Posted on: 13 May 2016
This week, Alexander Preston has money on his mind.
‘Find a penny, pick it up and all day long you’ll have good luck’. Perhaps not for those with paraskevidekatriaphobia, as today is best avoided. Indeed, the days of the penny seem numbered.
The coin is being withdrawn from circulation by the Canadian government, following the likes of Australia, Brazil, and Sweden.
The apparent demise of the penny is representative of a wider trend. In May 2015, the UK’s Payments Council said the use of cash by consumers, businesses and financial organisations fell to 48% of payments in the preceding year.
The remaining 52% was made up of electronic transactions.
The Payments Council, which oversees the system of transactions, said that moves towards debit card, contactless and mobile payments would drive the move away from cash, with cash volumes expected to fall by 30% over the next 10 years. It’s rare that I find any coins or notes in my wallet these days.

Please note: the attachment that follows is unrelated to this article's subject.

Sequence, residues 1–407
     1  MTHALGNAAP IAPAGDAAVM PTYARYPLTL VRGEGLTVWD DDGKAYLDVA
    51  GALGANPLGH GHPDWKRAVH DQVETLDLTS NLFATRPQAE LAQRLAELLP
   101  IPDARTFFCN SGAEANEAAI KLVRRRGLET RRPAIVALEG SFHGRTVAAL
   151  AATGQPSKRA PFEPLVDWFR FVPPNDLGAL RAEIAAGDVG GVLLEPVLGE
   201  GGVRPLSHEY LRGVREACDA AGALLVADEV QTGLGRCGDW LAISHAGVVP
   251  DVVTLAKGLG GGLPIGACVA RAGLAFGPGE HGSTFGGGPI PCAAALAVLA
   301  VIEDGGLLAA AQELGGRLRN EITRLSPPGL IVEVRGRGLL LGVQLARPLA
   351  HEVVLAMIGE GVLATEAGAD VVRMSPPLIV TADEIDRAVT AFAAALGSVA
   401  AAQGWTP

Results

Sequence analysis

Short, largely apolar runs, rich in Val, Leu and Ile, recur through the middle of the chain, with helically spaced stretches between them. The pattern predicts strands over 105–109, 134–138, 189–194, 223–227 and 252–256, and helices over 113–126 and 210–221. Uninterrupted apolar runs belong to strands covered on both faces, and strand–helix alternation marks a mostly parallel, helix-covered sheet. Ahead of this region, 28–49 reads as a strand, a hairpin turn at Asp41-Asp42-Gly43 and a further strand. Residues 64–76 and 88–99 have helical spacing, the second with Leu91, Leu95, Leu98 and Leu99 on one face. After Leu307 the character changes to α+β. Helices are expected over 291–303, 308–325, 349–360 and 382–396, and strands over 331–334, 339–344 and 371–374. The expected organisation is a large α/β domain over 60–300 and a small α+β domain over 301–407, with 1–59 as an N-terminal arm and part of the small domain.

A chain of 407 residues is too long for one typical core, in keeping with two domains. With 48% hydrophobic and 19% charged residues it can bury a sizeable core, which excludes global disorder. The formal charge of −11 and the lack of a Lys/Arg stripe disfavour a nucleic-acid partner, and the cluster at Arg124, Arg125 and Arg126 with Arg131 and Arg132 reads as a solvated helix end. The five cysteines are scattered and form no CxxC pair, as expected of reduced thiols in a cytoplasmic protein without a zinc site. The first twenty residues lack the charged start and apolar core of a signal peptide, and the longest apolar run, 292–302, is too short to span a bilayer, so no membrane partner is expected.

It’s a sentiment echoed by the Co-operative supermarket, which in recent weeks predicted that payments by mobile phone will exceed cash in the next decade. It claims that 65% of purchases in 2025 will be via mobiles, with bank cards and cash an historical throwback.
At this year’s PEC in Hamburg, IFPL and Panasonic outlined their respective responses. For instance, Panasonic’s Waterfront seat has an NFC feature. An unscientific poll of the room’s audience by IFPL highlighted the fact we, as consumers’ still place greater trust in contactless cards rather than mobile wallets, but the signs are certainly there that the tide is changing.
On a more scientific front, the digital infrastructure for mobile payments is becoming more coherent. Work towards greater standardisation in payment terminals is taking place, a very necessary objective, given the quicker refresh rate in mobile phone technology. Elsewhere, more collaboration between all stakeholders is actively taking place, which will ensure that consumers, merchants, OEMs and businesses benefit from mobile payments.
Contactless and mobile maybe the future, but the scramble down the back of the sofa for loose change, is set to continue, for some time yet.